Tackling Security with Container Deployments

Companies are leveraging containers on a massive scale to rapidly package and deliver software applications. But it can be difficult for organizations to get a clear understanding of the components and dependencies in their container images. Development teams must be able to find security vulnerabilities in the development environment, but operations teams need to have the same insight to prevent insecure containers from becoming a danger in production.

A Deep Dive into the NIST Container Security Guidelines

This fundamental change to how companies are deploying software hasn’t gone unnoticed. The National Institute of Standards and Technology (NIST) published the “Application Container Security Guide” in September to address the security risks associated with container adoption.

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Chances are, hackers are aware of the growing popularity of containers as well.

As the use of containers becomes best practice in DevOps, that use is also disrupting existing software development and security methodologies. NIST recommends that organizations tailor their “operational culture and technical processes to support the new way of developing, running, and supporting applications made possible by containerization.”

However, due to the nature of containers once deployed, vulnerabilities found in those containers aren’t patched with the latest update. The best approach is to update the base images themselves, then the applications, and redeploy the resultant image as new containers. Or as NIST puts it: “Unlike traditional operational patterns in which deployed software is updated ‘in the field’ on the hosts it runs on, with containers these updates must be made upstream in the images themselves, which are then redeployed.”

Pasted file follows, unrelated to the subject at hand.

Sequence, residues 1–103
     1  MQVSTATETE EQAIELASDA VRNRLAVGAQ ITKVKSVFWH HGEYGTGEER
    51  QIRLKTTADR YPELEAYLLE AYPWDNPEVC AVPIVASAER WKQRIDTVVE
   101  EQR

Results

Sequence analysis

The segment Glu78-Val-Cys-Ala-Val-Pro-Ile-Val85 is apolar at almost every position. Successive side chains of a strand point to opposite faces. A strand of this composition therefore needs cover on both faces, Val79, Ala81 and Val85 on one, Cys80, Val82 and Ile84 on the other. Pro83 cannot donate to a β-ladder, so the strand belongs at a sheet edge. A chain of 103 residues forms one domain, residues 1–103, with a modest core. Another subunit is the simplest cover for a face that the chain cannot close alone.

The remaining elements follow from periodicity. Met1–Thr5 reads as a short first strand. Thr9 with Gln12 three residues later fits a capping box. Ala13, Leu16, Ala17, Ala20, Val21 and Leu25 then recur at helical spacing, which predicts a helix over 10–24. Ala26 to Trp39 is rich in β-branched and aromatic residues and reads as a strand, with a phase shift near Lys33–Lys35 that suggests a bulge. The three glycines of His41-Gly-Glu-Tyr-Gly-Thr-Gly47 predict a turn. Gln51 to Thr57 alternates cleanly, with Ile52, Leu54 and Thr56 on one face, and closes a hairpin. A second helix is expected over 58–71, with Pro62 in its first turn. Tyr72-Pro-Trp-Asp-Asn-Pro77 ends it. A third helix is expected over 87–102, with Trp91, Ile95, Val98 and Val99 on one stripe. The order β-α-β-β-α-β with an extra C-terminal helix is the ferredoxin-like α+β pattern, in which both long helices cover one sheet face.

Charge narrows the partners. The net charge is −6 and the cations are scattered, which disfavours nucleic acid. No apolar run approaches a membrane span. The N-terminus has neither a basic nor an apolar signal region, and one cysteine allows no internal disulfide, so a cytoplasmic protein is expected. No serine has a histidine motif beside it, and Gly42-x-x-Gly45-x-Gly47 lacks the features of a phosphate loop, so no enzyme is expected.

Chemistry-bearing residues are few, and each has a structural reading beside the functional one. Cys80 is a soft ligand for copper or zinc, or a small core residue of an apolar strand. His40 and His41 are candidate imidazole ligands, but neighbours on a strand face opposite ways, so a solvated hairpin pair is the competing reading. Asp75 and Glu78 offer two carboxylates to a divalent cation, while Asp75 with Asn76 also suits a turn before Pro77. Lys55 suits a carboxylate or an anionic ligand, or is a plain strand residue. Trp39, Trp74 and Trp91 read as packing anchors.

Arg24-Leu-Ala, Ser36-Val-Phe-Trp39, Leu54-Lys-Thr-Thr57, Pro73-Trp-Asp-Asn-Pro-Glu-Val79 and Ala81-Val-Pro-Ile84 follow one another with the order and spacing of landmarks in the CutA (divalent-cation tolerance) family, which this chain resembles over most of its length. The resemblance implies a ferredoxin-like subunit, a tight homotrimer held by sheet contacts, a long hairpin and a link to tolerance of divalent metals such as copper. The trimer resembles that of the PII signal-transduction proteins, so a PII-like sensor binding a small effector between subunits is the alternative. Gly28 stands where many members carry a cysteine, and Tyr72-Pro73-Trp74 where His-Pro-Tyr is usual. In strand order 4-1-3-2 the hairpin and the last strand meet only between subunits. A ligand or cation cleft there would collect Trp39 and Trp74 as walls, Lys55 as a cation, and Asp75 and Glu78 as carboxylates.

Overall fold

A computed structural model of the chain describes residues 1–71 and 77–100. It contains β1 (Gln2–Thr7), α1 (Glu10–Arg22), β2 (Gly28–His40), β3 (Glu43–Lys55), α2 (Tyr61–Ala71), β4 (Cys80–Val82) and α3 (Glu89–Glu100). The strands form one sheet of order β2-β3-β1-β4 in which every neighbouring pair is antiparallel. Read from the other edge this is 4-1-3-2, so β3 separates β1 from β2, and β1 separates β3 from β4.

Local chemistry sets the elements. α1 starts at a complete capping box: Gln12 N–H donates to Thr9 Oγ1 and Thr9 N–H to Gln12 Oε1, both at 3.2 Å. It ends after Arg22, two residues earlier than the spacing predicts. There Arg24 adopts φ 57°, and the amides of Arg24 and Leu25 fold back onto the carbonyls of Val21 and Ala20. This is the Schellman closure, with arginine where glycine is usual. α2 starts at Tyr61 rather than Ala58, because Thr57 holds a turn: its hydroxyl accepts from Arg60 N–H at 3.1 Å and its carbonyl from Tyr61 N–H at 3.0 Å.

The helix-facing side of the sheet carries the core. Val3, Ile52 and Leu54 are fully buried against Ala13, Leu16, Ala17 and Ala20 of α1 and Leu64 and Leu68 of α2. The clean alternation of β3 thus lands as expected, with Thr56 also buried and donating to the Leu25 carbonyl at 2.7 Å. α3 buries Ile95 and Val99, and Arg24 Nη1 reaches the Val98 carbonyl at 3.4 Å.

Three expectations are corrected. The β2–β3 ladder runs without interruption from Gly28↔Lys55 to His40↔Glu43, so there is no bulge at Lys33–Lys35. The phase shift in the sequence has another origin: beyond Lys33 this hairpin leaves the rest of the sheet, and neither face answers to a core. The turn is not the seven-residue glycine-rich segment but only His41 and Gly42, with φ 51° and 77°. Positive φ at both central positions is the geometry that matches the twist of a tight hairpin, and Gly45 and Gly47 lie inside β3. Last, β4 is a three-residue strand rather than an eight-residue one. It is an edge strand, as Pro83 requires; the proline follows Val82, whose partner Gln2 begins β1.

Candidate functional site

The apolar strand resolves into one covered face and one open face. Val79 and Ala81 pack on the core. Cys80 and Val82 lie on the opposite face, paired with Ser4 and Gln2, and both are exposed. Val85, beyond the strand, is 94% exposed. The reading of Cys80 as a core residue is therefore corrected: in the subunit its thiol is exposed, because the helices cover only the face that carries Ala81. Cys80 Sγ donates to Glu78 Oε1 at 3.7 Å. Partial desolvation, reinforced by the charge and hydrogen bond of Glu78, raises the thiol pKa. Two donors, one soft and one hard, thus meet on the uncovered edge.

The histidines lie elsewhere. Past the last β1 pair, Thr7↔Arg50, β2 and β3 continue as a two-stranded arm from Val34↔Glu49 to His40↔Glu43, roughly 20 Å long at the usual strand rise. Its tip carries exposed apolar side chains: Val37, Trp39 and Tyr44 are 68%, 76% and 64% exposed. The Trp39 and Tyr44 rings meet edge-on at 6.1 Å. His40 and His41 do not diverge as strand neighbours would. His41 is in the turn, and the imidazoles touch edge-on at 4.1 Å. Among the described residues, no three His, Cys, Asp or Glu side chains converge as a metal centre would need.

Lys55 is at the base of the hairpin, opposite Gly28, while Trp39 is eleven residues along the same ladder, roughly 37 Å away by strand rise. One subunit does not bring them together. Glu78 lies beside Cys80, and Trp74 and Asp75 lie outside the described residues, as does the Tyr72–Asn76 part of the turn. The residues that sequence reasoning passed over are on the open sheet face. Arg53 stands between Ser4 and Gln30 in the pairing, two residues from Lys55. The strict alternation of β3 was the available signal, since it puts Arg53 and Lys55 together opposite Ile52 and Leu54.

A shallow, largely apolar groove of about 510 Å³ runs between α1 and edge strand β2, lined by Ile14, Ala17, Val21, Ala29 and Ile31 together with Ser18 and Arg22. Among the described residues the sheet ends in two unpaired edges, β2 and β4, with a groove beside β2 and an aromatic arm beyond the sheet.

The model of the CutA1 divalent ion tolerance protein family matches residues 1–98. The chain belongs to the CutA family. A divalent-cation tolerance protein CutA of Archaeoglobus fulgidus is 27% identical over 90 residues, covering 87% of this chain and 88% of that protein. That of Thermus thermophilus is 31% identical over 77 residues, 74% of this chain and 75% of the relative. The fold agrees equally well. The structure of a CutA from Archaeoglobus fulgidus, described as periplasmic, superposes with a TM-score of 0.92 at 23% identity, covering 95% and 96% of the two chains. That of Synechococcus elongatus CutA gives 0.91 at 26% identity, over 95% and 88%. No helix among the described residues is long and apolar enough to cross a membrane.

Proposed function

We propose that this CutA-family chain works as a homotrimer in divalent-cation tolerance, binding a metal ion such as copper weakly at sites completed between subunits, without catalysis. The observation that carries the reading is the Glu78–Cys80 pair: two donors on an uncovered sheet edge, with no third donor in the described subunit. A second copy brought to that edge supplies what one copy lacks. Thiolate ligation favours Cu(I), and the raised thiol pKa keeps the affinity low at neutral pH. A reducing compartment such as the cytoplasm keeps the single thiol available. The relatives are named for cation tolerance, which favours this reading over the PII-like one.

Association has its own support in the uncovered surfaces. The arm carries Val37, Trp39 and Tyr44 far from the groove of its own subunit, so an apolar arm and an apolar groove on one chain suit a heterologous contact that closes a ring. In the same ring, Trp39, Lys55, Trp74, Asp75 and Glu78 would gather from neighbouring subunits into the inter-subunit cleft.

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This is an important operational difference, which is why DevOps teams may have to adjust their processes and tools.

Containers undoubtedly help speed software delivery, but they also pose new risks to application security. NIST acknowledges the benefits of containers, but cautions: “When a container is compromised, it can be misused in many ways, such as granting unauthorized access to sensitive information or enabling attacks against other containers or the host OS.”

Containers, like traditional applications, are vulnerable to hackers and can be breached. The security risk associated with vulnerabilities in containers should be controlled, and the most proactive way of doing that is by finding and removing vulnerabilities in base images.

Defining a Container Security Strategy

The first step your organization must take is to define a container security strategy and use tools that can help you enforce that strategy throughout the DevOps life cycle. These tools must both validate and enforce compliance of container security policies by including a method to prevent containers with security vulnerabilities from being deployed.

“Organizations should use tools that take the declarative, step-by-step build approach and immutable nature of containers and images into their design to provide more actionable and reliable results…This should include having centralized reporting and monitoring of the compliance state of each image, and preventing noncompliant images from being run.”